This post has been corrected, as indicated below.
Novelist and prolix Twitterer Bret Easton Ellis is raising hackles once again by labeling such organizations as GLAAD as "the gatekeepers of politically correct gayness" in a long editorial in Out magazine. Ellis invited further response to his argument by announcing an AMA ("ask me anything") on Reddit, to be held at noon Pacific time today.
The Out rant, titled "In the Reign of the Gay Magical Elves," was prompted in part by the media response to the recent coming out of basketball player Jason Collins, whom Ellis writes is being treated "as some kind of baby panda who needs to be honored and consoled and -- yes -- infantilized."
Ellis goes on to criticize "gay self-patronization in the media," which in his opinion celebrates "the Gay Man as Magical Elf, who whenever he comes out appears before us as some kind of saintly E.T. whose sole purpose is to be put in the position of reminding us only about Tolerance."
At fault, according to Ellis, are organizations that marginalize the gay man "who doesn't want to represent, doesn't want to teach" and who "makes crude jokes about other gays in the media (as straight dudes do of each other constantly)." This, Ellis writes, amounts to "corporate PC fascism."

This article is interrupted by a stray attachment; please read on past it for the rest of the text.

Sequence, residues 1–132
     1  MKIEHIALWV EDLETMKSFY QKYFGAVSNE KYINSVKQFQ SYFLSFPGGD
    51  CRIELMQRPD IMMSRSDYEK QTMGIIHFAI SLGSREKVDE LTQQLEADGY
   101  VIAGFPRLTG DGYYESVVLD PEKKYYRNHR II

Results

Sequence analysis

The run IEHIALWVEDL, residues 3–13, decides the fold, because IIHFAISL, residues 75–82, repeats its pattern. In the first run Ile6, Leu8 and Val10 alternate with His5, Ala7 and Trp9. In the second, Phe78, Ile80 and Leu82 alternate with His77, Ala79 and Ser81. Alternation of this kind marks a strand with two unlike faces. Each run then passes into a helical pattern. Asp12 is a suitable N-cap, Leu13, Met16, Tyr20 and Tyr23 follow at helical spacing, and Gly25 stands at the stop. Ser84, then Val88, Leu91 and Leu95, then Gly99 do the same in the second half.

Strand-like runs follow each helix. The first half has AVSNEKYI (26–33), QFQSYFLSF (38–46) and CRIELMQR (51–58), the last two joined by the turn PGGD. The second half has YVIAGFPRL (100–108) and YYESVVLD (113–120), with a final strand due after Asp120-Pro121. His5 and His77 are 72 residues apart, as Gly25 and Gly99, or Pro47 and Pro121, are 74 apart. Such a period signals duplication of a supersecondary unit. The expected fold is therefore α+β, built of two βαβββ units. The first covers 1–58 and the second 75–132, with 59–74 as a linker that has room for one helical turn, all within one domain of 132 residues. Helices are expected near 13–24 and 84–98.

Ellis has had his own issues with what he calls the "gatekeepers." In April, he had a quite public tiff with the LGBT organization GLAAD over an invitation to the group’s media award ceremony; the invite was pulled after GLAAD discovered some of the things Ellis had written on Twitter, such as comparing the show "Glee" to "a puddle of HIV."
But the invitation's withdrawal (which, according to Gawker, was in fact requested by Ellis' agent) seems to be only symptomatic for Ellis of a larger problem within the gay community: "An organization holding an awards ceremony that they think represents all gays and also feels they can choose which gays can and cannot be a member of the party is, on the face of it, ridiculous."
Ellis writes that he has been called "a 'self-loathing' gay man" for his incendiary tweets and unorthodox opinions about LGBT culture. But although he admits that "I may be a little self-loathing at times," he adds, "it's not because I'm gay."
[For the Record, 10:24 a.m. PDT May 15: An earlier version of this online post said GLAAD had invited Ellis to the group’s media award ceremony; as Ellis said in his Out article, he was invited not by the organization, but by his agent. GLAAD spokesman Rich Ferraro said in an emailed statement to The Times: “GLAAD spoke with the guest who was planning to bring Bret about his recent remarks, which the gay community responded negatively to. We also asked for a time to sit down with Bret and planned to invite other leaders in the gay community as well as the HIV/AIDS community. … The guest replaced Bret at the fund-raiser and there has been no response from Bret regarding the meeting.”]